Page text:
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SMIGELL v. BROD (03/19/51)

March 19, 1951

SMIGELL, APPELLANT,
v.
BROD



Appeals, Nos. 254 and 271, Jan. T., 1950, from order of Court of Common Pleas No. 4 of Philadelphia County, Sept. T., 1948, No. 304, in case of Bertha Smigell et al. v. Pauline Brod. Order reversed; reargument refused April 11, 1951.

COUNSEL

David S. Malis, with him Robert H. Malis and Malis, Malis & Malis, for plaintiffs.

William N. Nitzberg, for defendant.

Before Drew, C.j., Stern, Stearne, Jones, Bell, Ladner and Chidsey, JJ.

Author: Stearne

[ 366 Pa. Page 612]

OPINION BY MR. JUSTICE ALLEN M. STEARNE

[ 366 Pa. Page 613]

The two appeals are from orders in an ejectment suit following a jury's verdict for the defendant. One appeal is by plaintiffs because of the court's refusal to enter judgment n.o.v. for plaintiffs. The other is by defendant from the grant of a new trial.

Plaintiffs seek possession of real estate under a deed through their deceased father. Defendant who is is possession interposes a defense as equitable owner of a one-third interest, this being claimed as her intestate share as surviving spouse. The basis for defendant's claim is that her husband, prior to their engagement to marry, and without her knowledge, conveyed the premises in question to a trustee for himself for life, with remainder to plaintiffs, children by his first marriage. Defendant maintains that the conveyance constituted a fraud upon her marital rights and, therefore, she retained and never was divested of such equitable interest.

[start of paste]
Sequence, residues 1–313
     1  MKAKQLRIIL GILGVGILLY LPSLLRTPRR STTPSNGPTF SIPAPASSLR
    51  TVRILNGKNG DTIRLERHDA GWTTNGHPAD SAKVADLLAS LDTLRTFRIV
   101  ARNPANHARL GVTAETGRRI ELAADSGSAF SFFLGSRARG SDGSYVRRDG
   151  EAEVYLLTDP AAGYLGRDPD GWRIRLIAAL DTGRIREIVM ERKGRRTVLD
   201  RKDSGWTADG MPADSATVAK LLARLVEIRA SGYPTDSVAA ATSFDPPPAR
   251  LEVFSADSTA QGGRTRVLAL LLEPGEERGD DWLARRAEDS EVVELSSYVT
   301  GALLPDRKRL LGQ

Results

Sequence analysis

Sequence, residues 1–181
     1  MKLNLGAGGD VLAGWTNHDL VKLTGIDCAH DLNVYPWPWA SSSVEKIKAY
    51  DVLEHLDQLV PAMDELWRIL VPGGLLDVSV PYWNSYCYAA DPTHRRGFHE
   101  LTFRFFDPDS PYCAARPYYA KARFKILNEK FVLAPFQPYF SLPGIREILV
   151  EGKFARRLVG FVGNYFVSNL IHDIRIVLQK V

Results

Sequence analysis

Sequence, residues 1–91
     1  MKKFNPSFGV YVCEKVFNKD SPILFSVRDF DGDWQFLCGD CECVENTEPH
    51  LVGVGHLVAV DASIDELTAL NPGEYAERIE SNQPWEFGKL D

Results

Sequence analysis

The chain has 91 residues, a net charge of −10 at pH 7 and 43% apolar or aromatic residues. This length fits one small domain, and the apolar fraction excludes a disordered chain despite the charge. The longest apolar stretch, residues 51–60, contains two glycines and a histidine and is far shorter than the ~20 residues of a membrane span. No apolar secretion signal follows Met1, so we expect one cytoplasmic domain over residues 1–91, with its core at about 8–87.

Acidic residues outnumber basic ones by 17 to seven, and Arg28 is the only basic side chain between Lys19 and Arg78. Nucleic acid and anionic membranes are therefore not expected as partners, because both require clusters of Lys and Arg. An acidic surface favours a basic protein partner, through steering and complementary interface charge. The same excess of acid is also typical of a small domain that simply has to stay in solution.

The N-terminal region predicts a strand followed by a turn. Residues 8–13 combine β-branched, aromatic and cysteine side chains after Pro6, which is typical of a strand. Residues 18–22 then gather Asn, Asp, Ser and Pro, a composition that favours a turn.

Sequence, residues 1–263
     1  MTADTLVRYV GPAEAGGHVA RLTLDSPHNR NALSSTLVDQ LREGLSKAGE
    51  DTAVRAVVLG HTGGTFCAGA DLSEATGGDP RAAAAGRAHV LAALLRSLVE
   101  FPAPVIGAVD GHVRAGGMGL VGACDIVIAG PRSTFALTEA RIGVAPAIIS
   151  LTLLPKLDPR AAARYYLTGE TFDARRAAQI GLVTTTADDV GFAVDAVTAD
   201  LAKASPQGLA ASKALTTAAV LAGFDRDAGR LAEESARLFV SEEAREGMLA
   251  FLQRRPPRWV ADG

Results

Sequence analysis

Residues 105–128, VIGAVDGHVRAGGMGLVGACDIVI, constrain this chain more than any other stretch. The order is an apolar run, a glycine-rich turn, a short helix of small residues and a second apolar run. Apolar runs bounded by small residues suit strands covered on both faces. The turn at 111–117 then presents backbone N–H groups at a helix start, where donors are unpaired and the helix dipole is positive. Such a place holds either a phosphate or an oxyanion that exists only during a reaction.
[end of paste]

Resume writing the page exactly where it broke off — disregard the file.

Louis Brod, a widower, aged 63, married defendant, a widow, aged 61, on September 2, 1938.They became engaged on August 14, 1938. Prior to the engagement Louis Brod owned 6017 Christian Street, Philadelphia. On July 30, 1938, two weeks prior to the engagement, for a named nominal consideration, Louis Brod conveyed the premises to a trustee for himself for life and thereafter to his two daughters in fee. He died April 2, 1948. The trustee, in accordance with the terms of the trust, upon grantor's death, deeded the premises to plaintiffs. While Louis Brod died testate, his residuary estate, including the premises here involved, passed in accordance with the intestate law, viz.: to defendant, as widow, one-third, and to each of the plaintiffs, as children, one-third.

Defendant did not claim that her husband told her what real estate he owned. She testified, "I don't remember asking him. All I knew that he owned the

[ 366 Pa. Page 614]

    property, that's all." However, two of defendant's children and a grandson testified that Louis Brod solicited their co-operation in securing defendant's consent to marrying him; that he had stated to the children and grandson that he owned the real estate; he had a good job; he would take good care of defendant and "that she will always have a third share in my ...


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